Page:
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Suppose two ends of a massless string are attached at two different points along the same horizontal line such that the distance between the two points is less than the length of the string and the string is passed through a ring in such a way that the ring can move freely (downwards) along the string. Will the ring finally end up being suspended at the middle of the string (because of contant tension)? If it remains suspended at the middle why is it that the tension of the string at the two parts of the rope (on the two sides of the ring) are the same?

Again if we thing if another condition where we applied a horizontal force on the ring before it reaches to the midpoint and end up being static at any other point other than the mid point, will the tension remain still the same along both the parts? From the image, will the tension remain the same in the AB and AC part? If yes,then why?enter image description here

Edit: Added this image afterwards

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  • $\begingroup$ I don't understand. If the ends of the string are attached to two different points along the same horizontal line then it means that the string is a horizontal string. Then how would a ring be sliding along the string as well as downwards? $\endgroup$
    – Dvij D.C.
    Mar 20 at 18:46
  • $\begingroup$ The distance between the two points where the ends are attached is less than the length of the string $\endgroup$
    – MSKB
    Mar 20 at 18:50
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this is Dr. Kaz. The tension in the string will be the same all over. It is understood that the string is longer than the distance between the points it is attached to. With the ring on the string, we will have a triangle whose base is the horizontal line between the attachment points. It is assumed that the ring has a weight. Without external force, the ring will stabilize in the middle of the string and forming a triangle with equal sides. The string is not stretchable. It’s length will determine the two angle on each side of the triangle. In this position, the horizontal components of the tension in each section will cancel each other and the weight of the ring will be twice the vertical component of the tension in one section. If an external horizontal force is applied to the ring, then the ring has to move to different point so that the sum of the horizontal components is zero including the external force. The sum of the vertical components also have to be zero including the weight of the ring. The problem will have to resolved as trigonometry problem in terms of the wight or the ring and the length of the string.

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  • $\begingroup$ Why is the tension same in both the parts of the string as stated in the last part of your answer? $\endgroup$
    – MSKB
    Mar 20 at 20:56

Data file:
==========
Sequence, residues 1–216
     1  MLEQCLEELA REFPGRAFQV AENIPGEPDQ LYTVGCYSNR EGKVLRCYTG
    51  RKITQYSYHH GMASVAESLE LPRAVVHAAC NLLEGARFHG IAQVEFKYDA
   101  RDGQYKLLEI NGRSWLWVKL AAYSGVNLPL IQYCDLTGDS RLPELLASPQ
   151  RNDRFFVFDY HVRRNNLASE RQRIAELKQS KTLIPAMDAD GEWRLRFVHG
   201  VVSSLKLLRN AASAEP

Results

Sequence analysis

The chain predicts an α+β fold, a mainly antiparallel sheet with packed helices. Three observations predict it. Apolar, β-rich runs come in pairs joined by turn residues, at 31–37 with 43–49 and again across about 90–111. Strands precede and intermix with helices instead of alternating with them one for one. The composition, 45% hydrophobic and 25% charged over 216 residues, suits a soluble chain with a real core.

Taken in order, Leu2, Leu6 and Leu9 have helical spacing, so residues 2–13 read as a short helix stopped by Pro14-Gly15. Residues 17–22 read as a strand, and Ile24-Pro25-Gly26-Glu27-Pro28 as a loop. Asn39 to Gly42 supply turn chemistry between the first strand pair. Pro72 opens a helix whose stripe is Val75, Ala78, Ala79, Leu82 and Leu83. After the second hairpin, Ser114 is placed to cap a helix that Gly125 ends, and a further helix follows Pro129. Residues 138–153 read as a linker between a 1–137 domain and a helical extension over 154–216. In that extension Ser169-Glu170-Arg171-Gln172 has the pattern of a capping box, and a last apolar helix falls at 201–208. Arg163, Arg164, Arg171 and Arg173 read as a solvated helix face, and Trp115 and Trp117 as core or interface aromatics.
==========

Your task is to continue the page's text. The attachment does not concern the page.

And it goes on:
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If we suppose a real situation, with some air drag and/or friction between the disk and the string, it will rest in the middle, with or without a initial force. That is the point of smaller gravitational potential.

But while the disk is moving to that final point, the angles of each side of the string with the horizontal are not equal. As the tension is the same(*), the horizontal components are different. So there is a net horizontal force directed to the middle.

(*) It could be argued that the string is not at rest in this case, each point is accelerating as the disk moves. But the points of the string doesn't move in the direction of its length, because it is supposed not to stretch. So, the difference of tension at left and right of any small region is zero.

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  • $\begingroup$ Why are the tensions of both the part of the string same? Shouldn't those be different since the ring is bent at the point where the disk/ring is hanging/resting? $\endgroup$
    – MSKB
    Mar 21 at 5:31
  • $\begingroup$ @MohammadSakibShahriar Think of a small portion of the string. The force from the left must be equal to the force to the right. Otherwise the string would be accelerating and it is at rest. As it happens to all portions, the tension must be the same. $\endgroup$ Mar 21 at 12:48
  • $\begingroup$ I agree this for the ring being suspended exactly at the midpoint but if it isn't at the middle why would the tensions be same at the both parts? $\endgroup$
    – MSKB
    Mar 21 at 14:29
  • $\begingroup$ @MohammadSakibShahriar I edited the answer about this issue. $\endgroup$ Mar 21 at 15:37
  • $\begingroup$ So basically we can summarize this fact as that the force exerted by each points of the string on the ring is proportional to the force exerted on the point of the string by the top most region of the string.since two adjacent points aren't moving apart we can conclude that the force exerted on those two points are the same and that is why we consider that the tension is equal all over a massless string. Is this assumption correct? $\endgroup$
    – MSKB
    Mar 21 at 16:20
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If it's massless you're talking about a photon , to study string and tensions you must go full classical physics and classical physics love mass.

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